March 8, 2019– Mary Greeley News – The cracks are well within safety limits and the reactor would still be able to shut down in an emergency, says EDF.
Footage has been released showing some of the hundreds of tiny cracks inside a nuclear reactor in North Ayrshire.
Reactor 3 at the Hunterston B plant has been shut down for 12 months after the cracks were found to be growing faster than expected.
NUCLEAR experts have warned of a Chernobyl-like "catastrophic accident" after more than 350 cracks were discovered in the power reactor at the Hunterston plant in North Ayrshire https://t.co/NiElpfMLLD
— Peter Roche (@PeterRoche3) November 22, 2018
Cracks are expected to form over time in all the UK’s nuclear reactors, but recent close-up filming at Hunterston has revealed around 370 small fractures.
EDF, which runs the plant 35 miles west of Glasgow, said they were 1mm when first seen in 2017.
They are now “opening very slowly”, with an average crack size of 2mm.
Cracks of 10mm on the inside of the fuel channel and 18mm on the outside are still safe, according to EDF.
The company says it has carried out tests, including earthquake simulations, which show the reactor will still work normally and allow control rods to shut down the reactor in case of an emergency.
“We’ve carried out one of our biggest ever inspection campaigns on reactor three, we’ve renewed our modelling, we’ve done experiments and tests and we’ve analyzed all the data from this to produce our safety case that we will submit to the ONR.
“We have to demonstrate that the reactor will always shut down and that it will shut down in an extreme seismic event.”
The operational limit for the latest period of operation was 350 cracks but an inspection found that allowance had been exceeded.
Electricity output from the Hunterston B nuclear power station could fall by 40% this year after dozens of cracks were discovered in one of the reactors https://t.co/i0UIf5jjhI North Ayrshire #EDF #UK #energy #tech #security Fail #community #health #humanrights #policy
— Cecalli Helper (@Cecalli_Helper) May 3, 2018
EDF plans to ask the regulator for permission to restart with a new operational limit of up to 700 cracks.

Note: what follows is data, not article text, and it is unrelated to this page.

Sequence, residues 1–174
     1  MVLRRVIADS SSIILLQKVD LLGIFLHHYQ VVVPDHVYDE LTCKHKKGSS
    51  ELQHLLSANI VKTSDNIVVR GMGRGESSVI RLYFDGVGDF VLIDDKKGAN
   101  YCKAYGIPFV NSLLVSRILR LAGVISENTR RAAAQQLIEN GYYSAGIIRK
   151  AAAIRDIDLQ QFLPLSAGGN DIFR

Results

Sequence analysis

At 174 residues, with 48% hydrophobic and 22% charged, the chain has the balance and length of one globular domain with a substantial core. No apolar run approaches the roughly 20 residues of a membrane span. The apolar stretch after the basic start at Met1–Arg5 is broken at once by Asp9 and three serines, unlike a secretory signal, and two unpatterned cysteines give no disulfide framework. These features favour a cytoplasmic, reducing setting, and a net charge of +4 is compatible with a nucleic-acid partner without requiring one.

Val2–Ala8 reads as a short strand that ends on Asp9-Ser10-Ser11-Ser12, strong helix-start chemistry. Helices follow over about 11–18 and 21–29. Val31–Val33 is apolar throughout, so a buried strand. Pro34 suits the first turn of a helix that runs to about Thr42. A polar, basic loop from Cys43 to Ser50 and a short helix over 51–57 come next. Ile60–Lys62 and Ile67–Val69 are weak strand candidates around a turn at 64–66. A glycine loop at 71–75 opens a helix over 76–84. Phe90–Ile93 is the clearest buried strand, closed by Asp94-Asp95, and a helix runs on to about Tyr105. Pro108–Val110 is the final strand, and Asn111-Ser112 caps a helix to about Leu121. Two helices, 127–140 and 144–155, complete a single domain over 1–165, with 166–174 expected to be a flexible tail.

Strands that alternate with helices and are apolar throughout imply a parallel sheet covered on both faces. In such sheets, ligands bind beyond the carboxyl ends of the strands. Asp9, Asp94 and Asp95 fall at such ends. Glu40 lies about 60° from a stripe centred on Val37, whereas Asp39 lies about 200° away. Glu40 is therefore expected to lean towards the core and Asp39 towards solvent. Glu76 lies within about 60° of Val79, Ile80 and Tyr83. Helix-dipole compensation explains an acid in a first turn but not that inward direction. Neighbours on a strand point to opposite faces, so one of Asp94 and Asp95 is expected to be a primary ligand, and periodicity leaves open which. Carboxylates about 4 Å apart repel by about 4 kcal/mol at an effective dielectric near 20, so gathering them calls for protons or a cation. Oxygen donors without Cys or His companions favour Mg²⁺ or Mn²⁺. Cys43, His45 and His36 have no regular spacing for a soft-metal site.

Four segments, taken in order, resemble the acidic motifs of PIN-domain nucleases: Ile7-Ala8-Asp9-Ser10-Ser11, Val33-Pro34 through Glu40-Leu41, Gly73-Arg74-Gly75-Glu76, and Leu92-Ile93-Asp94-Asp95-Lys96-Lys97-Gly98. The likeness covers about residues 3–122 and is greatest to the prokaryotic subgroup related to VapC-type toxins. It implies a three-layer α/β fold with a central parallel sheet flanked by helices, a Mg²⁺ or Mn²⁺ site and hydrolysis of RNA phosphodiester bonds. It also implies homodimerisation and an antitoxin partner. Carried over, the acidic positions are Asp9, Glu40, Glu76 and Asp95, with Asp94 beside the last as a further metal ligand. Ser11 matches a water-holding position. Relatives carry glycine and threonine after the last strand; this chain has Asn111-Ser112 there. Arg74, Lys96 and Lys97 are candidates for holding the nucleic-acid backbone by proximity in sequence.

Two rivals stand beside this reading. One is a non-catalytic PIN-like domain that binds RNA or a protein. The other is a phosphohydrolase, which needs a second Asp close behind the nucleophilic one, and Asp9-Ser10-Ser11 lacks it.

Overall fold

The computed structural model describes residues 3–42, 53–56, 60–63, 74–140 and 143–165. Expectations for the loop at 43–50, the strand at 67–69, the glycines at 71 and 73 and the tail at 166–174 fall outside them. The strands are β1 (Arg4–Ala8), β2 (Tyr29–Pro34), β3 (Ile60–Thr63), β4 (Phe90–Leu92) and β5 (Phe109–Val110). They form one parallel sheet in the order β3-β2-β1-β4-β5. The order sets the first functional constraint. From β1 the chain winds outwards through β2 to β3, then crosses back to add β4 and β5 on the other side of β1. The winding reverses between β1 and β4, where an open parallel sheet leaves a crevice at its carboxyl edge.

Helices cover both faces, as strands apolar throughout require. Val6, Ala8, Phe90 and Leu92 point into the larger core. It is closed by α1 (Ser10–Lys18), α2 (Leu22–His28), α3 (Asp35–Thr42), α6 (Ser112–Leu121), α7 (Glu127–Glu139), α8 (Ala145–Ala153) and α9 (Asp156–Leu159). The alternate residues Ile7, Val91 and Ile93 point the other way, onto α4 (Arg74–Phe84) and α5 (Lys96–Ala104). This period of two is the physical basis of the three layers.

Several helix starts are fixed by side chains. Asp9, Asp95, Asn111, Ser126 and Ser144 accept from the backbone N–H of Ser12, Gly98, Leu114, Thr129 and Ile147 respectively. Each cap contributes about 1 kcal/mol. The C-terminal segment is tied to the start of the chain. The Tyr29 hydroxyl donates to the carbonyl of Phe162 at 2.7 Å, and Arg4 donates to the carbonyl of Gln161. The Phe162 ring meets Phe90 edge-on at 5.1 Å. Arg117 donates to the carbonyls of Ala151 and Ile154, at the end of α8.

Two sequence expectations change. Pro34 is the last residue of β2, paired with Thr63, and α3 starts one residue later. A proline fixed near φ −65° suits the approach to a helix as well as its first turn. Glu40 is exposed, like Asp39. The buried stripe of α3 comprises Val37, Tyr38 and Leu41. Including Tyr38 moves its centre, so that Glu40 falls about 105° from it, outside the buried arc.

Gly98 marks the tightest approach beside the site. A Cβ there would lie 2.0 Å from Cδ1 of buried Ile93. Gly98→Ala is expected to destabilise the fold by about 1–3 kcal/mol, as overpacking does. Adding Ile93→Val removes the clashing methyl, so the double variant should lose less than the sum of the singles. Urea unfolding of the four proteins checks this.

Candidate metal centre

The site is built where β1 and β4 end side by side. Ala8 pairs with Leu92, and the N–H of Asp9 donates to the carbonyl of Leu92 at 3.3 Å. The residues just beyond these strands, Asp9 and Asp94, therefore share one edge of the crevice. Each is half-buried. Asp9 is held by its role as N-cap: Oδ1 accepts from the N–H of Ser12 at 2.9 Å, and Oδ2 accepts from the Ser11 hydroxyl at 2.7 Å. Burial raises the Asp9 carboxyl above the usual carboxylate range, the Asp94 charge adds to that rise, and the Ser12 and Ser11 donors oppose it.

The cracks cannot be repaired because it is too dangerous and soon the reactor – like others around Britain – will have to be decommissioned.
The company is planning to ask permission from the nuclear watchdog, the Office of Nuclear Regulation, to restart the reactor.
The 10m-high, 1,400-tonne reactor is made up of 3,000 graphite bricks and the plant provides electricity for 1.8 million homes when all the reactors are running.
Operators EDF Energy say the cracks pose no threat to safety at the site.
But paperwork obtained through a freedom of information request shows the Office for Nuclear Regulation have raised concerns over fractures in the brick keyways that lock together the core in reactor three.
It’s feared the same problem could arise at EDF’s sister station – Hinkley B in Somerset.
The ONR have agreed the stations can continue operating safely after making changes to the reactor shutdown process of the 70s structures.
But John Large, who helped design the advanced gas-cooled reactors, believes that if the cracks get worse, they could jeopardize a reactor’s stability in the event of a disaster and make it impossible to shut it down.
He said: “These keyways are beginning to fracture… that means the locking together, the way that force can be transferred from one brick to another, is lost, so it becomes a very loose stack of bricks.”
Allan Jeffery of campaign group Stop Hinkley said: “If you can’t get the control rod down, you can’t control the temperature inside the reactor and you’re heading for accidents – possibly even meltdowns.”
But EDF director of nuclear operations Brian Cowell said: “We know that having a small number of cracked bricks in this massive structure (of the core) is completely irrelevant to the safety function.”
credit: In part with https://www.bbc.com/news/uk-scotland-47485321